Bashing Nouriel Roubini is a quite fashionable thing to do nowadays. I assume much of it with the envy that comes with this guy's amazing ability to score attractive women at his lavish parties despite looking like the typical economist. ;)
Or it could be his market calls (S&P to 600!) which is not the place an economist should be sticking his nose. I'm still a fan and think he is one of the few voices on infotainment financial TeeVee railing against
- Those who live with head under sand
- Those attached to the Matrix
- Those who drink Kool Aid, or have a running IV attached to arm
- Those who flutter in a land of mystical unicorns and mermaids (and butterflies)
If you are not familiar with the man, I have a bevy of Roubini posts - you can click on the tag at the bottom of the post with his name - since he was one of the few guys I could find in the mainstream in 2007 and 2008 whose views actually closely matched mine. For one of the best views of the 'go forward' period I'd suggest readers review [Feb 12, 2010: (Video) Nouriel Roubini Crushes Kool Aid Drinkers]
For his latest views, here are some videos from this morning
[Video unavailable, I'll edit once it is fixed on CNBC website] - see commentary at end of this piece for written version
Later in the show, battling Rich Bernstein - 7 minutes
European governments face the quandary of being unable to afford to bail out banks that are still considered too big to fail, while the global economy is heading for a slowdown in the second half of the year, economist Nouriel Roubini of RGE Monitor told CNBC Tuesday. Governments are running out of ways to counter a massive slowdown or the risk of a double-dip recession, Roubini said.
A year ago we had all these policy bullets, he said. We could push down rates to zero, we had (quantitative easing), we could do a budget deficit of 10 percent of GDP (or) backstop the financial system.
Banks at this point are too big to fail, but also too big to be bailed, especially in Europe where the sovereigns are in trouble and therefore the ability to backstop the financial system is not there, he said. (Mark's note: that's why you create a fake stress test that EVERYONE passes, U.S style - Geithner told them to do it, and they are doing it. Presto magic... everyone is fine! Now buy some stock,)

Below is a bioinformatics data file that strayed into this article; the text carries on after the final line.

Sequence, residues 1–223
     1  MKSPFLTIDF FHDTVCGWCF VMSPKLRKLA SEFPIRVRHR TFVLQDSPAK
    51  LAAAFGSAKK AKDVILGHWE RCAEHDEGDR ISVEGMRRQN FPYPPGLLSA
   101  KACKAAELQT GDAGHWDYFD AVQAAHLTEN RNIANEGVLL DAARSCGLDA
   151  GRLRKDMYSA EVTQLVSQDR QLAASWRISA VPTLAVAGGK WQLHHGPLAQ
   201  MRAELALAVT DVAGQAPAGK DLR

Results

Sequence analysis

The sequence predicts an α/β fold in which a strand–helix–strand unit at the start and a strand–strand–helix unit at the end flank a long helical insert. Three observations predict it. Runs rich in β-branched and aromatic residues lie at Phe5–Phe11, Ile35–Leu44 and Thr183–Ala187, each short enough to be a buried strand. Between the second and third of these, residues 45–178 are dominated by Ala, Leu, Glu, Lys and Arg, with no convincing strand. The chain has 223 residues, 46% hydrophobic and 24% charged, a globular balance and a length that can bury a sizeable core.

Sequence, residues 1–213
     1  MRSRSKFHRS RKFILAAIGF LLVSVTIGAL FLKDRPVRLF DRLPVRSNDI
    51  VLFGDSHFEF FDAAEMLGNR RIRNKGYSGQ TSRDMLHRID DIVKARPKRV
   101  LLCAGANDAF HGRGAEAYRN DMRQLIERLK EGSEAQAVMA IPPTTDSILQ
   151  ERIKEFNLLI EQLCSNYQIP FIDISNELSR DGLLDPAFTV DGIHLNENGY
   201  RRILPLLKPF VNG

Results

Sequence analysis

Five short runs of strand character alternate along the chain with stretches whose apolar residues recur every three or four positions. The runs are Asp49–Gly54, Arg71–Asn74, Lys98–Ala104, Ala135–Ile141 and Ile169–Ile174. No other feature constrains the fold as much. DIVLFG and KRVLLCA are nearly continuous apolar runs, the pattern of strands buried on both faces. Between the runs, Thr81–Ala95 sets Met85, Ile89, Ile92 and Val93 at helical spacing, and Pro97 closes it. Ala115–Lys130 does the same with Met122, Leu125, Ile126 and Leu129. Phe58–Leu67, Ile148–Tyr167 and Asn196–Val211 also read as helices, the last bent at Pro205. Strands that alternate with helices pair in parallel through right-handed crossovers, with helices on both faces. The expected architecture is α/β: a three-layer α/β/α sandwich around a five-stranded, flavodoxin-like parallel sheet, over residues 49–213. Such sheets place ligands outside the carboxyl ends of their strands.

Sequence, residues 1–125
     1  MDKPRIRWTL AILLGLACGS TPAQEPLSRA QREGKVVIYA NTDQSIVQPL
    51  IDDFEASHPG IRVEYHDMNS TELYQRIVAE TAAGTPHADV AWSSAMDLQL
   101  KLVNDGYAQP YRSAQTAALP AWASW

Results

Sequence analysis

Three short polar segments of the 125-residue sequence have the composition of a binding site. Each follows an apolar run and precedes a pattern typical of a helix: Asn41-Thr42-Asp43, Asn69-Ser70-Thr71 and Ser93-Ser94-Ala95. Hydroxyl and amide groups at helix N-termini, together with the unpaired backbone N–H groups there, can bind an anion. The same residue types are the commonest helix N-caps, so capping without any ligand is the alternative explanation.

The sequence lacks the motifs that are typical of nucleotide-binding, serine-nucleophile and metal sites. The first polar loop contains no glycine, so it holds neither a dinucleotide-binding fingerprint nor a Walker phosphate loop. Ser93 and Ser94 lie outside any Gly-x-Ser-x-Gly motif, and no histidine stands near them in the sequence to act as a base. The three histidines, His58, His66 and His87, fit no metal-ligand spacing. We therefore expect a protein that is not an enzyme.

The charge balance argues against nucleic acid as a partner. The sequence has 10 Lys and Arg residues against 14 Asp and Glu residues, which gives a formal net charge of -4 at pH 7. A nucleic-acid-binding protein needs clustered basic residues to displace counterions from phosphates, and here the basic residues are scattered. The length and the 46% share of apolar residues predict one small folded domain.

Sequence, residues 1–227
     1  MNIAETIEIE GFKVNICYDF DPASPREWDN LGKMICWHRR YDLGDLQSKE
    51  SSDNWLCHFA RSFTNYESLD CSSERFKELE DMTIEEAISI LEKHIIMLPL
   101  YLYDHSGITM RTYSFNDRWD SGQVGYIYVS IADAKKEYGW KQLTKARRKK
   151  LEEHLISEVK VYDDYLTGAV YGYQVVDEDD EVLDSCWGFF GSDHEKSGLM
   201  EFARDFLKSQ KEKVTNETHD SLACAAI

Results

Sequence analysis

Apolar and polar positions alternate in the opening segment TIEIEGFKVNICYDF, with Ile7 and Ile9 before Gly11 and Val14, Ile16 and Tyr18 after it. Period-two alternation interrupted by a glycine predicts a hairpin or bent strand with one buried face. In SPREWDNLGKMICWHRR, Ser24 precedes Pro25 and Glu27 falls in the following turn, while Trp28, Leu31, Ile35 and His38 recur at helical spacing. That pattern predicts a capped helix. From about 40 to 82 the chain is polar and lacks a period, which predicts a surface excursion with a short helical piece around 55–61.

Roubini said he was unimpressed with the June US employment report, pointing out that the jobless rate fell because of a large number of discouraged workers leaving the labor force, and also noted recently weak data on manufacturing, retail sales and housing.
Everything signals a slowdown of the US, a slowdown of Europe, a slowdown of Japan and a slowdown of China, he said.
The US economy will grow at a rate of 1.5 percent, while the euro zone and Japan will see growth close to 0 and China will grow at a rate of 7 percent, he said.
While not predicting a double-dip recession, with economic growth at a rate of 1.5 percent everything becomes worse, Roubini said.
The unemployment rate goes higher, the budget deficit is larger, home prices don't stabilize, but fall further and trade tensions with China will be bigger, he said.
You don't need to have a double dip recession to have a situation that is dismal, he said.
The economy was strong in the first half because of the stimulus and inventory build-up, but once these things become a drag on the economy, balance-sheet constraints imply deleveraging by houses, deleveraging by the financial system and deleveraging by governments, Roubini said.
We're going to have a global slowdown, he said.